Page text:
Bed-Stuy/Expanded Stuyvesant Heights Historic District Designated, Capping Decades-Long Process

Bedford Stuyvesant/Expanded Stuyvesant Heights Historic District. Image Credit: LPC.

Bedford Stuyvesant/Expanded Stuyvesant Heights Historic District. Image Credit: LPC.

Landmarks staff recommended removal of two properties from the district, but Commission voted to designate the district as proposed. On April 16, 2013, the Landmarks Preservation Commission voted to designate the Bedford Stuyvesant/Expanded Stuyvesant Heights Historic District in Brooklyn. The district is generally bounded by Halsey and Macon Streets to the north, Fulton Street to the South, Malcolm X Boulevard to the east, and Tompkins Avenue to the west. The new district surrounds the 1971-designated Stuyvesant Heights Historic District, and is comprised of approximately 825 buildings.

The residential area was developed primarily within the period between 1880 and 1920, though some mid-19th-century wood-frame houses still stand in the district.  The area is largely characterized by speculatively built rowhouses, in the Queen Anne, neo-Grec, Romanesque Revival and Renaissance Revival styles. The 1890s also saw the construction of several four- and five-story apartment buildings known as “French flats.” Significant institutional buildings in the district include the Bethany Baptist Church and the former Sumner Avenue Baptist Church.

The community was initially populated by people of New England origins, as well as German and Irish immigrants. By the First World War, African Americans had become a significant demographic in the neighborhood, drawn by the high-quality housing and lack of discriminatory purchasing policies. In the 1920s and 1930s the area grew in importance as a focal point of Black cultural life in the City, and served as a residential alternative to Harlem.

Landmarks initially considered the proposed district in the early 1990s and held a hearing in 1993. At the August 2, 2011 hearing, wide support for designation was voiced by elected officials, preservation groups, and community residents.

Before the vote, Landmarks Research Department director Mary Beth Betts stated that the department recommended the removal of two lots from the designation as proposed. The two lots consist of a one-story no-style commercial structure and a vacant lot, both on the periphery of the district near the intersection of Malcolm X Boulevard and Chauncey Street. Chair Robert B. Tierney called the amendment to the district’s boundaries a “sensible, tiny tweaking.” Landmarks Counsel Mark Silberman stated that the excisions would be “consistent with past practice,” but the omissions faced objection from some Commissioners. Vice Chair Pablo Vengoechea was concerned about maintaining “cohesive boundaries,” and ensuring that any future development at the sites was appropriate to the district. Commissioner Margery Perlmutter agreed with the staff recommendations, and argued that Landmarks’ oversight should be “limited to contributing buildings.”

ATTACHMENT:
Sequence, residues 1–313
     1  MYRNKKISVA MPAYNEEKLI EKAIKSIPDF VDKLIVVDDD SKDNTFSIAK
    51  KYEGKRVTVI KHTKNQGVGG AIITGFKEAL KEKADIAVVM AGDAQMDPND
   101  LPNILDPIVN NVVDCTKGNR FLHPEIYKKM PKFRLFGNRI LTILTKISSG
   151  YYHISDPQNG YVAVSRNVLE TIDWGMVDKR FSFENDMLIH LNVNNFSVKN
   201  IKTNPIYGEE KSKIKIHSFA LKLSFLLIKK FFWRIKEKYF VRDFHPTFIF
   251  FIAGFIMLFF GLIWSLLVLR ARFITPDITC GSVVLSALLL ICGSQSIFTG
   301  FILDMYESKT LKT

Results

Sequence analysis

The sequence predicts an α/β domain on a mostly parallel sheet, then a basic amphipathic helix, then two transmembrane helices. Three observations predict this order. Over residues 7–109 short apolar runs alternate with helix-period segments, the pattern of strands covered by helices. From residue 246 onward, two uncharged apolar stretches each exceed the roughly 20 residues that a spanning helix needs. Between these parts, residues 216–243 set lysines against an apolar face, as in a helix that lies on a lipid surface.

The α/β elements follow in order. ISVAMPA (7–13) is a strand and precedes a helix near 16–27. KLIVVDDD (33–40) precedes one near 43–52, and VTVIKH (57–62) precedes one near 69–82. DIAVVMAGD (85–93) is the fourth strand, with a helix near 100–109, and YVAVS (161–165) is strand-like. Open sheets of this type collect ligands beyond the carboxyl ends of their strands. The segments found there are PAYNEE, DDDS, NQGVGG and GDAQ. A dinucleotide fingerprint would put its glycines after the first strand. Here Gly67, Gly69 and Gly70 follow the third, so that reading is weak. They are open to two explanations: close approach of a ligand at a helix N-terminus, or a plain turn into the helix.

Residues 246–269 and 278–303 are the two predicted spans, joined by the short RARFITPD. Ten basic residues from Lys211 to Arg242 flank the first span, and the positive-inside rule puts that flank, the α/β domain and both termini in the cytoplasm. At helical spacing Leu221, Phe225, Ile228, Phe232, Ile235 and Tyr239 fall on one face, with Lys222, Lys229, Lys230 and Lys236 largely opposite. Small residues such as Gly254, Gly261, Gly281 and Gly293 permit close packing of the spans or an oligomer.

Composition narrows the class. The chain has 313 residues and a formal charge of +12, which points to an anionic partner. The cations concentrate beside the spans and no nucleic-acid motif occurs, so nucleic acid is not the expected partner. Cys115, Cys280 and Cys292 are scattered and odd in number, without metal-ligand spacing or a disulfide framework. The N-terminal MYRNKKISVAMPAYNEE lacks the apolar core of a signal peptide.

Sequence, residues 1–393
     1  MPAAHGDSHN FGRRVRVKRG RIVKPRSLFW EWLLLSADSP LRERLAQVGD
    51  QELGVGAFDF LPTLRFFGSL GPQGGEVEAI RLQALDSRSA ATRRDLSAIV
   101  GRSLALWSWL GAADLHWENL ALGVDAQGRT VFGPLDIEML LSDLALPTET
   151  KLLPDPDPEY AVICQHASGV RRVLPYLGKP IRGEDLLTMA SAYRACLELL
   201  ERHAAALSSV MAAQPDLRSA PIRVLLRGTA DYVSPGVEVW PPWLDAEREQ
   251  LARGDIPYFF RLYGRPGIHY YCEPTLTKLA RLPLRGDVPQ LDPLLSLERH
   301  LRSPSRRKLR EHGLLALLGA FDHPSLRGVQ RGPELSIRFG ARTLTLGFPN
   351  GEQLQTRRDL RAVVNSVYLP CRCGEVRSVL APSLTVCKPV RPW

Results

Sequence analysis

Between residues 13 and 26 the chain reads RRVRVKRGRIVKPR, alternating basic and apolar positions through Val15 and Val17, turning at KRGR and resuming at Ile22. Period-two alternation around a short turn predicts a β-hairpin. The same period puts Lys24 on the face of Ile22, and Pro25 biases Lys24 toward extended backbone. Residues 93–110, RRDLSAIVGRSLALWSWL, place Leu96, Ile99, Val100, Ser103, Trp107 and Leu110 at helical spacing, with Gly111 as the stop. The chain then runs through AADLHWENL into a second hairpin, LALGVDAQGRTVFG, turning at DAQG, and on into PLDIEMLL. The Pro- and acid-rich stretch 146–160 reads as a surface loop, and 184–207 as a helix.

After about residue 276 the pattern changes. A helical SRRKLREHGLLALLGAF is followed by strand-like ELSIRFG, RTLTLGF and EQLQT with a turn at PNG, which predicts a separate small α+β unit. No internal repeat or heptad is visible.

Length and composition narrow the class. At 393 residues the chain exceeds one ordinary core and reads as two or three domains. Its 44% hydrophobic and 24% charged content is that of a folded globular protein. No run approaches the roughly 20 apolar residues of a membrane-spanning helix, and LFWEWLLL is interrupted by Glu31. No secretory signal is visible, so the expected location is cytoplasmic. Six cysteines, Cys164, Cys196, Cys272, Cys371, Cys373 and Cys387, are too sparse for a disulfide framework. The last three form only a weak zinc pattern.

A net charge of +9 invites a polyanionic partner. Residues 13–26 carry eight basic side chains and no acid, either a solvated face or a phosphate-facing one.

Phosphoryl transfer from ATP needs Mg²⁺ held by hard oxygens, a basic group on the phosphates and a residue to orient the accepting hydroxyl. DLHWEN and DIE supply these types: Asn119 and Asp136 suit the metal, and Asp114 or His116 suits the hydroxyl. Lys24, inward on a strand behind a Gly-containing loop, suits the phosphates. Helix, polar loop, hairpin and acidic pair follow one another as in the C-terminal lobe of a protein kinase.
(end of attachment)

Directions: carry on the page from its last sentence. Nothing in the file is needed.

Commissioners were united in their appreciation for the district’s architectural, cultural, and historic merit, and voted unanimously for designation. Commissioner Joan Gerner praised the “wealth of architectural styles” in the “gorgeous” area, while Commissioner Perlmutter said it was “obvious” that the Stuyvesant Heights district should be expanded to include the proposed buildings. Commissioner Michael Goldblum stated that the “vehemence and strength and unity and intensity” of the community response supporting designation made a great impression on him, and he believed that “the City should respect that and honor that.” Commissioners Michael Devonshire, Gerner and Goldblum all opposed the removal of the disputed lots from the designation.

Chair Tierney noted that 32 people had testified at the 2011 hearing in strong support, and commended the residents’ “justifiable pride” in their community. He led the vote, which included all the proposed lots, concluding a “20-year process.” The vote was met with applause and cheers from assembled community members and preservationists.

LPC: Bedford Stuyvesant/Expanded Stuyvesant Heights Historic District, Brooklyn (LP-2496) (April 16, 2013).

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